A couple of months back, an announcement regarding Apple’s plans to build a new HQ in Raleigh, North Carolina were supposedly “imminent” and a “done deal.”
Things have remained quiet since then, however, and now a new report quotes North Carolina governor Roy Cooper as saying that he is “hopeful” Apple will pick the area, but admitting that they have yet to hear one way or the other.
Apple’s announcement about its proposed North Carolina East Coast headquarters is supposedly “imminent,” but not everyone is happy about it. Last month, activists were reportedly “livid” about the location due to its history of LGBT-unfriendly laws. Now another advocacy group is accusing the region of racism, related to the state’s new voter ID proposal.
The advocacy group in question is a civil rights group called Color of Change. It is upset about North Carolina’s voter ID bill on the grounds that it allegedly discriminates against African-Americans. This bill was announced by the state’s House Republicans on Thursday.
An announcement about Apple’s plans to build a new HQ in Raleigh, North Carolina is “imminent,” a new report suggests.
This follows another recent news story suggesting it is a “done deal,” just so long as the proper incentives package is agreed. From the sound of things, Apple is pleased with the way talks have progressed!
Apple’s decision to open a new HQ in North Carolina is reportedly close to being a “done deal,” waiting only for the right incentives package to be passed.
But one potential spanner in the works could be the area’s history of anti-LGBT laws. Most infamous of these is the Public Facilities Privacy & Security Act, which made it law for people to use the public restrooms and changing rooms which correspond with their birth certificate sex, as opposed to their self-identified gender.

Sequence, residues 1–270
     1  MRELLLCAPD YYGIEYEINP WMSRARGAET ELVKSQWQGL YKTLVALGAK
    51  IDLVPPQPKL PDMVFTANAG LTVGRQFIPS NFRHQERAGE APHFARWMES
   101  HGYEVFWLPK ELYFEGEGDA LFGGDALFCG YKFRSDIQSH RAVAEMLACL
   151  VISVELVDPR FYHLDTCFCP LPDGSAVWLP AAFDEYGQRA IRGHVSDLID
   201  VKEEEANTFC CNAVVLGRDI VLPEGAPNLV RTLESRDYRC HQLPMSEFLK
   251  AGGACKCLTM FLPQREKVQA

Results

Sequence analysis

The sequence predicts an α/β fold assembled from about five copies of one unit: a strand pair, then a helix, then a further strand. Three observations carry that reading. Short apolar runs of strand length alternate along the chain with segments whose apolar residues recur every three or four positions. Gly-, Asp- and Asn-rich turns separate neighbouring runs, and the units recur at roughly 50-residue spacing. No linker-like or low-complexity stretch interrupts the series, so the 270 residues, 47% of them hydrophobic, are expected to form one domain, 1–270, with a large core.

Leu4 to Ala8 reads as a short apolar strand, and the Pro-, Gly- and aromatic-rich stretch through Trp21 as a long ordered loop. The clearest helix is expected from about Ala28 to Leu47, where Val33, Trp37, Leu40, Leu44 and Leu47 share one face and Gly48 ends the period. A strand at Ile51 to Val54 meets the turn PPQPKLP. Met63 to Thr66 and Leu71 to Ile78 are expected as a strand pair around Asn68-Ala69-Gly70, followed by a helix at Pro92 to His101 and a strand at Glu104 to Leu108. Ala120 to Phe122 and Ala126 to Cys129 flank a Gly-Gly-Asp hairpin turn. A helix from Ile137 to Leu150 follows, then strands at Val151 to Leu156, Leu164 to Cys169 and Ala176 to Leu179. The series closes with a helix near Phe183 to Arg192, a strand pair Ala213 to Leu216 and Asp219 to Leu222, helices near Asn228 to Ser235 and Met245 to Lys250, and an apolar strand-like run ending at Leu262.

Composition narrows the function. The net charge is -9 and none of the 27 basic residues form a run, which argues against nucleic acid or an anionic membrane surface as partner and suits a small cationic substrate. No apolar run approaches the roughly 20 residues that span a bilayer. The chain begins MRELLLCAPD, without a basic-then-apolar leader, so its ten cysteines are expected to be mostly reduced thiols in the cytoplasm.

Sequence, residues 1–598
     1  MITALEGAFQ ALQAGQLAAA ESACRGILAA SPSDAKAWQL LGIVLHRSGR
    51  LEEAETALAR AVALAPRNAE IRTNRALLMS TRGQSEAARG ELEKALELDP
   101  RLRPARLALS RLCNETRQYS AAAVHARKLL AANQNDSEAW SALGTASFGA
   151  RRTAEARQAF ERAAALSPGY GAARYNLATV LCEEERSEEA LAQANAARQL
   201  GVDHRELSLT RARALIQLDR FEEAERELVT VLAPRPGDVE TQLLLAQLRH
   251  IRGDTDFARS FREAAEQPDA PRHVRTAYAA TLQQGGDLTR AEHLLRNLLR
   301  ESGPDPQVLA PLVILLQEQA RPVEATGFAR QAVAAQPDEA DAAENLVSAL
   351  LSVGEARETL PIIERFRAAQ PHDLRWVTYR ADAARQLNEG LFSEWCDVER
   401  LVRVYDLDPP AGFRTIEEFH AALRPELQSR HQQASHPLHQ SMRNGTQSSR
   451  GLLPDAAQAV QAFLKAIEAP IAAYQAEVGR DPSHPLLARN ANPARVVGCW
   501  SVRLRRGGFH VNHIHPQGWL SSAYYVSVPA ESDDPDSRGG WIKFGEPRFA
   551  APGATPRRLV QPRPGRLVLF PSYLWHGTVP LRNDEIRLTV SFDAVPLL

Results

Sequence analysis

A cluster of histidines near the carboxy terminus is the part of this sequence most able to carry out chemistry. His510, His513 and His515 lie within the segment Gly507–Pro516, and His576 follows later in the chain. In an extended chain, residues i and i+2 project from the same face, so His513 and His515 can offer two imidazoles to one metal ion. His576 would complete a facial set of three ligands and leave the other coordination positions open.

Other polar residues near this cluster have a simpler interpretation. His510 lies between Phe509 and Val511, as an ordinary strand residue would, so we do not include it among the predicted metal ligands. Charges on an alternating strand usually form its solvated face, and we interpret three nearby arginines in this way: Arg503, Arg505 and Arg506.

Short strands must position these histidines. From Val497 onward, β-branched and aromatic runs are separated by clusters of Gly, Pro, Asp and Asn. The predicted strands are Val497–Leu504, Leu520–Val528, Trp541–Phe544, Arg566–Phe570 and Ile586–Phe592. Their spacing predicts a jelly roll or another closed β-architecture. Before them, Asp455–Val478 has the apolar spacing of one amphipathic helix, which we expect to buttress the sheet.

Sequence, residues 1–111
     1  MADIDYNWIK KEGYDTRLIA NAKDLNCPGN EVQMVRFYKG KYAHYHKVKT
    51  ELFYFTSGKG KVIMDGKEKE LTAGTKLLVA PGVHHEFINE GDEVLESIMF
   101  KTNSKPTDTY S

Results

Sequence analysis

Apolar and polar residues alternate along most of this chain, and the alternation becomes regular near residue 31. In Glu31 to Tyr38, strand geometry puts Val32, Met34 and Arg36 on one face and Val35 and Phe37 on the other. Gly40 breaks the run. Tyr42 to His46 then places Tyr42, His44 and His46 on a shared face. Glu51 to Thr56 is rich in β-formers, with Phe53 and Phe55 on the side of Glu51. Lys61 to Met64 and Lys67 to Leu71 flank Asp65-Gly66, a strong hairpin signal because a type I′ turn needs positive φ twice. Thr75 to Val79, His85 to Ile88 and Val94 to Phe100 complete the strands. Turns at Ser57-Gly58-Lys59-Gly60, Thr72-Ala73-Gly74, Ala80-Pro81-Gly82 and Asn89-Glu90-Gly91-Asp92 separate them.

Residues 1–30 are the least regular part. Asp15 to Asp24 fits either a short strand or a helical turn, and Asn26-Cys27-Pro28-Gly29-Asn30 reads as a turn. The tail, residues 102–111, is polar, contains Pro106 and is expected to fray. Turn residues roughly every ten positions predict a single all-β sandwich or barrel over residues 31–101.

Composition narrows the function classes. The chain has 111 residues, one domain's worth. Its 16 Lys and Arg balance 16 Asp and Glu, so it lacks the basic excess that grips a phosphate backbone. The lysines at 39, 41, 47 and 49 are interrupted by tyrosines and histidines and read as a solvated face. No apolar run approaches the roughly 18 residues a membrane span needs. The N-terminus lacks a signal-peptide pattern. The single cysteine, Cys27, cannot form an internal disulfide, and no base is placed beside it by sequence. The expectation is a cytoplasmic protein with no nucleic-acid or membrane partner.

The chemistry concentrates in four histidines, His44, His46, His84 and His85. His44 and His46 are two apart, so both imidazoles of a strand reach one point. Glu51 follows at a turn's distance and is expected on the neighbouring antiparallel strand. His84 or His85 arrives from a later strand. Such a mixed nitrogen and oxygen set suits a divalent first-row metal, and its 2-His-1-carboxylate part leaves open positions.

Data centers are not usually considered to be hazardous work environments, but Apple U.S. data centers have had a string of bad luck lately, and a new incident at the company’s center in North Carolina is adding to the fire.
Based on an erosion permit filed with Catawba County on Wednesday, Apple is looking to build an additional structure onto the side of its existing already enormous complex. Made of precast concrete wall panels, along with steel columns, this add-on is set to add 14,246 square feet, and be around 25 ft tall.
According to new plans filed with Catawba County, Apple is building a second data center near an already begun facility in Maiden, North Carolina.
The planned 21,030-square-foot data center will store server clusters, with a total cost of the 11-room building targeted at a little over $1.8 million. The permits filed include the installation of 22 air conditioners, five fans, 14 humidifiers, six electric heaters and heating ducts.
By now, you’ve probably heard that Apple has a large data center in North Carolina which powers much of the iCloud ecosystem that Apple debuted in 2011. What you may not know, though, is that the small town of Maiden, North Carolina almost lost the contract with Apple. Thanks to GigaOm, we now know how it all went down.
Greenpeace likes to target Apple every year or so to keep them environmentally honest, and lately, the environmental access group has been going after Apple’s giant data supercenter in Maiden, North Carolina, claiming that it helps make iCloud one of the dirtiest things on the planet.
What Greenpeace is upset about is how much of the data center’s power comes from non-renewable resources, particularly coal. And they don’t think that Apple’s going far enough with its plans for solar energy plans.
Now the protests are getting real, with seven Greenpeace activists blocking train tracks used by Duke Energy and Apple use to ship coal.